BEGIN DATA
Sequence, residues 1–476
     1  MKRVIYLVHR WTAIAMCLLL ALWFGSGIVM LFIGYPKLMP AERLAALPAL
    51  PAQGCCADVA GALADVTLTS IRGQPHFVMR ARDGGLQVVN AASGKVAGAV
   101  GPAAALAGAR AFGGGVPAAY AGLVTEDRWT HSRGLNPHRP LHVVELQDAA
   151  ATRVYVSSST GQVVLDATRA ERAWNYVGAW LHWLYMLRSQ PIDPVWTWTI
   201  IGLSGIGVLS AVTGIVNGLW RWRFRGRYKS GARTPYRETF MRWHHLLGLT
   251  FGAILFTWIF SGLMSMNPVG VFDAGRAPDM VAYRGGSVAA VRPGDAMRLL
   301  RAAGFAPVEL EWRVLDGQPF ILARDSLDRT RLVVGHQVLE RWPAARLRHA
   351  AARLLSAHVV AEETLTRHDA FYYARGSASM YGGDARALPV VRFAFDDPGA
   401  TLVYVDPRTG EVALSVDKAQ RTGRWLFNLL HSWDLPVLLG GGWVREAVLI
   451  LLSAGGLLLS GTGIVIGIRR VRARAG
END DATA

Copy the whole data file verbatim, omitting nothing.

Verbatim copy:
Sequence, residues 1–476
     1  MKRVIYLVHR WTAIAMCLLL ALWFGSGIVM LFIGYPKLMP AERLAALPAL
    51  PAQGCCADVA GALADVTLTS IRGQPHFVMR ARDGGLQVVN AASGKVAGAV
   101  GPAAALAGAR AFGGGVPAAY AGLVTEDRWT HSRGLNPHRP LHVVELQDAA
   151  ATRVYVSSST GQVVLDATRA ERAWNYVGAW LHWLYMLRSQ PIDPVWTWTI
   201  IGLSGIGVLS AVTGIVNGLW RWRFRGRYKS GARTPYRETF MRWHHLLGLT
   251  FGAILFTWIF SGLMSMNPVG VFDAGRAPDM VAYRGGSVAA VRPGDAMRLL
   301  RAAGFAPVEL EWRVLDGQPF ILARDSLDRT RLVVGHQVLE RWPAARLRHA
   351  AARLLSAHVV AEETLTRHDA FYYARGSASM YGGDARALPV VRFAFDDPGA
   401  TLVYVDPRTG EVALSVDKAQ RTGRWLFNLL HSWDLPVLLG GGWVREAVLI
   451  LLSAGGLLLS GTGIVIGIRR VRARAG